By LINDELWA NXELE
Outspoken citizens expressed indignation at the ‘no confidence’ outcome. Among others, there was relief that President Zuma was not removed from office.
A message in one of my WhatsApp groups read, “Amen… hallelujah… siyabonga Nkosi… This would have been a taboo to our nation. Ngabe kuqhuma ithayi phezukomuntu omnyama now (By now we would be witnessing black people being burnt alive with a tyre around their head).”
Some feared civil war; others were always confident the President would remain.
Why protest if change isn’t possible? Why not just be grateful for whatever we get?
Our systems condition us into believing change is not possible: such perceptions are mistaken and dangerous.
Because things do change, whether we drive them or not. That’s why it’s best to direct it: if you don’t, others will take the steering wheel.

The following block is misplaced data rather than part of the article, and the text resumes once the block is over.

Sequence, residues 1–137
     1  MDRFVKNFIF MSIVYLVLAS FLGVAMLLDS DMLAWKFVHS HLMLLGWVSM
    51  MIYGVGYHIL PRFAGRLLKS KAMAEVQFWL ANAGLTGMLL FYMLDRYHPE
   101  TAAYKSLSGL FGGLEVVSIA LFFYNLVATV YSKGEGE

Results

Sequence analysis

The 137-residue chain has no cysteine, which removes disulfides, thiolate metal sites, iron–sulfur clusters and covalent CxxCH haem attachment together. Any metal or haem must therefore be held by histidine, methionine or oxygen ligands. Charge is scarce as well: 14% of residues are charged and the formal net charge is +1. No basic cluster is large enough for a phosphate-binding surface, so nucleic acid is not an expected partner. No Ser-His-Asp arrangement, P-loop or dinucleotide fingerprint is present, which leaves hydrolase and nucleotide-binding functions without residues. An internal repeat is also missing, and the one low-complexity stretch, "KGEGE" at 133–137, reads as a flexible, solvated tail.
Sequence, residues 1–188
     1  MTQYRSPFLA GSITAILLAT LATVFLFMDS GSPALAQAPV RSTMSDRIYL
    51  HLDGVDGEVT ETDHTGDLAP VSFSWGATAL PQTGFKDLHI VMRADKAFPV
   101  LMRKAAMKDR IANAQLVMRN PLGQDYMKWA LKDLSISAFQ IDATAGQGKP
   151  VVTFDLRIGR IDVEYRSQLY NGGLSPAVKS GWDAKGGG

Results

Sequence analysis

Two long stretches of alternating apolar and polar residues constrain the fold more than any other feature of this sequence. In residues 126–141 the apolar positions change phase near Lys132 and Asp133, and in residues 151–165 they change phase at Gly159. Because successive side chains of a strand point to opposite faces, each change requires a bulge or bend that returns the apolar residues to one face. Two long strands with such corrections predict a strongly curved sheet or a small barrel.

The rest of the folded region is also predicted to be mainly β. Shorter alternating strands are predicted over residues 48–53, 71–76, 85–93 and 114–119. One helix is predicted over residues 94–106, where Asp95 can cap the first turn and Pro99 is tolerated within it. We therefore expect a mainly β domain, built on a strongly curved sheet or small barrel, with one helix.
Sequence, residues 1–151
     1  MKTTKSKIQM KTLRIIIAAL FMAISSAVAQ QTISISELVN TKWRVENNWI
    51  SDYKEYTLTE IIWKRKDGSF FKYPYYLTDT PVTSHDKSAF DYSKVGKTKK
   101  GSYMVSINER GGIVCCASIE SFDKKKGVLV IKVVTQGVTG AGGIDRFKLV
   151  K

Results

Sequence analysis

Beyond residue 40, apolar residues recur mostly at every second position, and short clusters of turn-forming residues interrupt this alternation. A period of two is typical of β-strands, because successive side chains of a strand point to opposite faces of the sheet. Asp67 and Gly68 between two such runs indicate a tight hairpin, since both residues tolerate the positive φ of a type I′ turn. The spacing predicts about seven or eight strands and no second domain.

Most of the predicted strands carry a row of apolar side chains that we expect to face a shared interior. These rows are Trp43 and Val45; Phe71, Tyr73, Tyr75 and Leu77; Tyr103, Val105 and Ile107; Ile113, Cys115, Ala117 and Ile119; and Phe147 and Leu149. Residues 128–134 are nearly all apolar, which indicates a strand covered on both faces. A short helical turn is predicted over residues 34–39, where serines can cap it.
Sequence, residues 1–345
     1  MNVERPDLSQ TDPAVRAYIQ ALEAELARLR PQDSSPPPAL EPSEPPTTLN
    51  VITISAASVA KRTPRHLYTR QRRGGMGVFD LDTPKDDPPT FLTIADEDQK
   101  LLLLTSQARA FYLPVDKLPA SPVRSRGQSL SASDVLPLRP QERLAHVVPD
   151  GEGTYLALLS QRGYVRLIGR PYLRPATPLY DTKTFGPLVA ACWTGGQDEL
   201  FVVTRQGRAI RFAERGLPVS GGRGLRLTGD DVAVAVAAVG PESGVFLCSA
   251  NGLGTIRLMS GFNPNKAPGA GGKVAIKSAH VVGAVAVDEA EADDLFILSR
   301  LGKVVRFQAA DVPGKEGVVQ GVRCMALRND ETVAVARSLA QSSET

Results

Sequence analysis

President Zuma remains today – but like everything else, change will come for him eventually. The question is how not President Zuma, but we as citizens, will deal with that change.
Change doesn’t always mean progress. In South Africa we moved from an oppressive state to one corrupt and elusive. We can easily replace President Zuma with another unsuitable candidate.
How do we ensure South Africans are ready for the change we want to see?
- Lindelwa Nxele is the Advocacy Impact Programme Officer, Public Service Accountability Monitor (PSAM).